Opinion
Classroom Technology Opinion

Simulations Spell Sizzling Science

By Tom Vander Ark — November 13, 2012 2 min read

It’s usually true that there’s nothing better than learning by doing, but sometimes simulation is better than the real thing. When it comes to life,
physical, and earth science, simulation can compress time, connect tasks, and allow students to see multiple dimensions.

SimScientists
is a five-year initiative to demonstrate the role simulations can play in middle school science learning and assessment. Dr. Edys Quellmalz oversees
SimScientists for

WestEd’s Science, Technology, Engineering & Mathematics (STEM) education program. Like Dr. Quellmalz, we think it’s time for more simulations in class and on tests.

The hands on nature of interactive simulations -- designing, conducting, and interpreting various kinds of investigations -- helps students demonstrate how
they “put humpty dumpty back together again,” says Dr. Quellmalz.

Simulations help students become systems thinkers by manipulating physical systems. In pilot programs WestEd sees students “making observations, inferring relationships, predicting outcomes, and
analyzing data about the ecosystem.”

Dr. Quellmalz believes, “A series of simulated assessments could serve as benchmark assessments and provide much richer information about what students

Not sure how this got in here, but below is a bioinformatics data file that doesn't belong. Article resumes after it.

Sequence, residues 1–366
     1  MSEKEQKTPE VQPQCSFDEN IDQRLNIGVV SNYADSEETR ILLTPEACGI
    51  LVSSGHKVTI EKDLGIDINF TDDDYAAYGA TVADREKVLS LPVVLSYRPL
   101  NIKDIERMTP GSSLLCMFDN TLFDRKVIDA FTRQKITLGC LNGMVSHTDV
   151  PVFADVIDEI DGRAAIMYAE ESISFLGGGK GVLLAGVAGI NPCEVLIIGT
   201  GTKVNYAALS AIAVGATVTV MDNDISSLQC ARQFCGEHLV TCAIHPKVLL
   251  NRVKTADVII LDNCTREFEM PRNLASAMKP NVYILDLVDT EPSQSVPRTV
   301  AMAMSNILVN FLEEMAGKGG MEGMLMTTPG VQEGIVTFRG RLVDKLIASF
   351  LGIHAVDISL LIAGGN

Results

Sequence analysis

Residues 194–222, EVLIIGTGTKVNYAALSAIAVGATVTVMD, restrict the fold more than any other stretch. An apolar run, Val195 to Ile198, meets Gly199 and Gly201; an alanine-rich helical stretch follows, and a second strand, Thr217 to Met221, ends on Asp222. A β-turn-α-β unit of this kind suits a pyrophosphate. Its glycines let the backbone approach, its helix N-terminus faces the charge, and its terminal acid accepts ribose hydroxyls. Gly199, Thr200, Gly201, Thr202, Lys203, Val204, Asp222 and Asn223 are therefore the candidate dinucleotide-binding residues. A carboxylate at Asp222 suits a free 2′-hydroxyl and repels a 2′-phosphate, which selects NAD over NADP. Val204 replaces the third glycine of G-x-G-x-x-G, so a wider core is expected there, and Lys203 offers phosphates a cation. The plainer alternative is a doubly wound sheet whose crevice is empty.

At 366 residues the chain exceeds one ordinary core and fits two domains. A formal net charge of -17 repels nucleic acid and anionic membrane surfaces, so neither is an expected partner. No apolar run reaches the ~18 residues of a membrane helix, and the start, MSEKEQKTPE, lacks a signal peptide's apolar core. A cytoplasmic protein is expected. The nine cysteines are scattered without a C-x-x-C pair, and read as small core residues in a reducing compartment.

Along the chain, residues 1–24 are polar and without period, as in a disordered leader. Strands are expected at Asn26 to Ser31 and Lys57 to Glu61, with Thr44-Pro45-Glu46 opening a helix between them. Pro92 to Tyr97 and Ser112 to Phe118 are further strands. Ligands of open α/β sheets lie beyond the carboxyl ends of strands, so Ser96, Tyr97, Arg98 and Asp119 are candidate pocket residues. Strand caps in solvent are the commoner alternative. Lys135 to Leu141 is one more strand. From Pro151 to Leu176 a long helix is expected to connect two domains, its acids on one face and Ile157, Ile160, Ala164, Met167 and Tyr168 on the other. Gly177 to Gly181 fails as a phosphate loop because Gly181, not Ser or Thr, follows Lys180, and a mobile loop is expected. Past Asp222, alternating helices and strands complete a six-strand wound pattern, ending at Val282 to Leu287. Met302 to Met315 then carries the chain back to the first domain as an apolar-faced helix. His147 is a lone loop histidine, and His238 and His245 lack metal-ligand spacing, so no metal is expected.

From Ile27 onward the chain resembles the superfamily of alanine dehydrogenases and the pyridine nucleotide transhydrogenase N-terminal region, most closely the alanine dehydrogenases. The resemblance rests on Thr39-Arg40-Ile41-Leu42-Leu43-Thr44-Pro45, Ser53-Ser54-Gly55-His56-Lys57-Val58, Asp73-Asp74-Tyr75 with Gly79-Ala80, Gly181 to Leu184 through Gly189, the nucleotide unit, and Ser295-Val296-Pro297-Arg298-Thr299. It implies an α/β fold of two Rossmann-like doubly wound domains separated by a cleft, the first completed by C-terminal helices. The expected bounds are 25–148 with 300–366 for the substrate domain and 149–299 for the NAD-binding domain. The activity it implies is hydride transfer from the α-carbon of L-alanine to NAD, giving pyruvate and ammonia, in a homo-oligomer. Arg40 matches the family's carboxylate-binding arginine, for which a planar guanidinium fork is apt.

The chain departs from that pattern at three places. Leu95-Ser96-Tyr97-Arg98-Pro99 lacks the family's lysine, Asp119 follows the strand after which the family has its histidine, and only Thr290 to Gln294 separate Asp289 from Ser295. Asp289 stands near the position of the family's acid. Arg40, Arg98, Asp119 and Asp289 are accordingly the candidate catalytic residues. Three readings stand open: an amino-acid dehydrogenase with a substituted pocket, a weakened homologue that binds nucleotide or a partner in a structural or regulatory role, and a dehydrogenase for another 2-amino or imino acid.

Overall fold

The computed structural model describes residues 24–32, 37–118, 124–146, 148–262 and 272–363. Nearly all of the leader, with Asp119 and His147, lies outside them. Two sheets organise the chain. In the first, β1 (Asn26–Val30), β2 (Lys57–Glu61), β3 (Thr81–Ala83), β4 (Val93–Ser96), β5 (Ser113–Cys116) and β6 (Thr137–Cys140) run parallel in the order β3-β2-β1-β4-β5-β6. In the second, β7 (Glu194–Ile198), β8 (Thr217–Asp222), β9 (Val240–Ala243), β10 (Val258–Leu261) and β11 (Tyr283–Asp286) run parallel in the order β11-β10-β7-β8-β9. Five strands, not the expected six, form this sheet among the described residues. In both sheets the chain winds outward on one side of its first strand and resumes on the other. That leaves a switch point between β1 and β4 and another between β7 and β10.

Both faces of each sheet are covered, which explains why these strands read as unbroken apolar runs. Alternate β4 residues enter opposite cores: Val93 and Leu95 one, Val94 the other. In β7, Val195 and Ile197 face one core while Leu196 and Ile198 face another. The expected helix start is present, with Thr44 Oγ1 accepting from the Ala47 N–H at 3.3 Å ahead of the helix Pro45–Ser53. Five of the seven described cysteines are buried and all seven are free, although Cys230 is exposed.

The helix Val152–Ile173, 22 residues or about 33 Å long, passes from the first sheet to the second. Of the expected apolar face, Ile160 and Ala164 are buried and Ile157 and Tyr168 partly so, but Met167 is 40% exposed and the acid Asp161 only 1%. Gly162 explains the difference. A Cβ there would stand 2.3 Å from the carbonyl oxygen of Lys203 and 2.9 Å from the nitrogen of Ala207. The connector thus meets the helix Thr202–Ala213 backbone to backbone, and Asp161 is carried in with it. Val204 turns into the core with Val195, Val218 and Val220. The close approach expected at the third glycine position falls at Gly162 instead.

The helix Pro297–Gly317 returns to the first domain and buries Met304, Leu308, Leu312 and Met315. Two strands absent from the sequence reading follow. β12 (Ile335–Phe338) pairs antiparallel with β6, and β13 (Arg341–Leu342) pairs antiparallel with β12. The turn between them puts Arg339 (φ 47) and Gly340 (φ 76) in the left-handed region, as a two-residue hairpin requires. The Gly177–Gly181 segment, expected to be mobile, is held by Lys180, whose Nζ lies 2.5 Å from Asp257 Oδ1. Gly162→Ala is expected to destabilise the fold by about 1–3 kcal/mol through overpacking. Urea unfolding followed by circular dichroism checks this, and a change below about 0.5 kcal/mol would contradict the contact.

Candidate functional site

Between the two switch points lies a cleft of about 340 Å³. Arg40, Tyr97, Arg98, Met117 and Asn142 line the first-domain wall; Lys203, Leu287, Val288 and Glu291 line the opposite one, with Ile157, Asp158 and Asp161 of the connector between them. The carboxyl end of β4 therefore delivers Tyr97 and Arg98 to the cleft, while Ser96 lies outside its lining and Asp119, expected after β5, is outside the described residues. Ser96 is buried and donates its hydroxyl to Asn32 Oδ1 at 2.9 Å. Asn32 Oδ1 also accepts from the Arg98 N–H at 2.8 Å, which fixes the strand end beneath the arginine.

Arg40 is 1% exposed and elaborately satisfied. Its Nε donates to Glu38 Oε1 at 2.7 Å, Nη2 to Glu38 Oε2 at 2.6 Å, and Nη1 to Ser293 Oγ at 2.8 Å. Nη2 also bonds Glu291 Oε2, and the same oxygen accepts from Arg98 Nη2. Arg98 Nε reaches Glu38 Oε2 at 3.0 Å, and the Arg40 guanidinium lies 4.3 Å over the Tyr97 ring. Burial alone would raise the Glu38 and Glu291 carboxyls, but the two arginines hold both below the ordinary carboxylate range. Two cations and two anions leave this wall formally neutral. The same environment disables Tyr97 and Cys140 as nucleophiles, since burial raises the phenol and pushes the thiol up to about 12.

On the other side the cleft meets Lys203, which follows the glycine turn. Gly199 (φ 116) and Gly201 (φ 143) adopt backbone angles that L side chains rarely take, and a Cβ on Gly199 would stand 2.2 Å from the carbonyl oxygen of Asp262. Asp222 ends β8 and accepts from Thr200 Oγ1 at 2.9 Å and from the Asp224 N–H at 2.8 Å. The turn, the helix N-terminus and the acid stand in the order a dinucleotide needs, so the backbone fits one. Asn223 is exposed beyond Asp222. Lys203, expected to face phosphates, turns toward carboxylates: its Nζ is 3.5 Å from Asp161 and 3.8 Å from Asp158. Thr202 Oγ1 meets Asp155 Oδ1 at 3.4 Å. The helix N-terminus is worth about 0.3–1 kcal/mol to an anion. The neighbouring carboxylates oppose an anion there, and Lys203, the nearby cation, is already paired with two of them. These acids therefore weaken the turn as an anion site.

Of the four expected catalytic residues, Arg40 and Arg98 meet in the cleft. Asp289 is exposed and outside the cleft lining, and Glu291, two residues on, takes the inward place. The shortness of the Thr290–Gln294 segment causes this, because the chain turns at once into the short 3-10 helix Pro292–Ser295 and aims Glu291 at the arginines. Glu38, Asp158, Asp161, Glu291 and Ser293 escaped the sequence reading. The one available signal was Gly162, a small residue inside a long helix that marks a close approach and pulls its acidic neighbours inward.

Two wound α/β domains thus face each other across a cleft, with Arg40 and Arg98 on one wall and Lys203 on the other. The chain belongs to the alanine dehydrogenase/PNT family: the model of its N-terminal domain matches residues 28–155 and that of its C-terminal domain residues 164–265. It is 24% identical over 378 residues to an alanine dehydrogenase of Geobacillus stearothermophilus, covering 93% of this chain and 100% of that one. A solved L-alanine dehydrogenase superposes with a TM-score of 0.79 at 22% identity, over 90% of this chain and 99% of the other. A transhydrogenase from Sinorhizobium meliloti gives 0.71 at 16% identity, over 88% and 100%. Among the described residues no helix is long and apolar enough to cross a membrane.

know about science systems.”

SimScientists was developed with federal grant funding. The WestEd team is considering a variety of strategies to expand access to the simulations as
supplemental instruction and assessment.

More science sims.
Phet
is a family of science sims from CU. At an ETS conference I saw Phet assignments running on ASSISTments with an Edmodo backchannel.

Connections Education
won a BESSIE for their virtual science labs and an EDDIE for virtual dissection. The virtual provider has
some great tools and demos online that include Virtual Rock Lab, Virtual Chemical Reactions Lab, Virtual Dissection:

//www.connectionsacademy.com/curriculum/instructional-tools/science.aspx

The MIT Game Lab cranks out an amazing number and variety of sims including A Slower Speed of Light a game that helps students understand relativity.

Alan Gershenfeld recommends the following diverse list of games: Whyville, WolfQuest, Fold.it, Resilient Planet, Nobel Prize
games, River City, Evolution, Pontifex, Mind Rover , Immune Attack, MeChem, Sharkrunners, Quest Atlantis, Supercharged, Mad City Mystery, and Star Logo NG.

Over the weekend we also posted a list of 18 Universities using simulations and game-based
learning.

Students learn by doing. Add computer-based simulations to list of active learning strategies.

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The opinions expressed in Vander Ark on Innovation are strictly those of the author(s) and do not reflect the opinions or endorsement of Editorial Projects in Education, or any of its publications.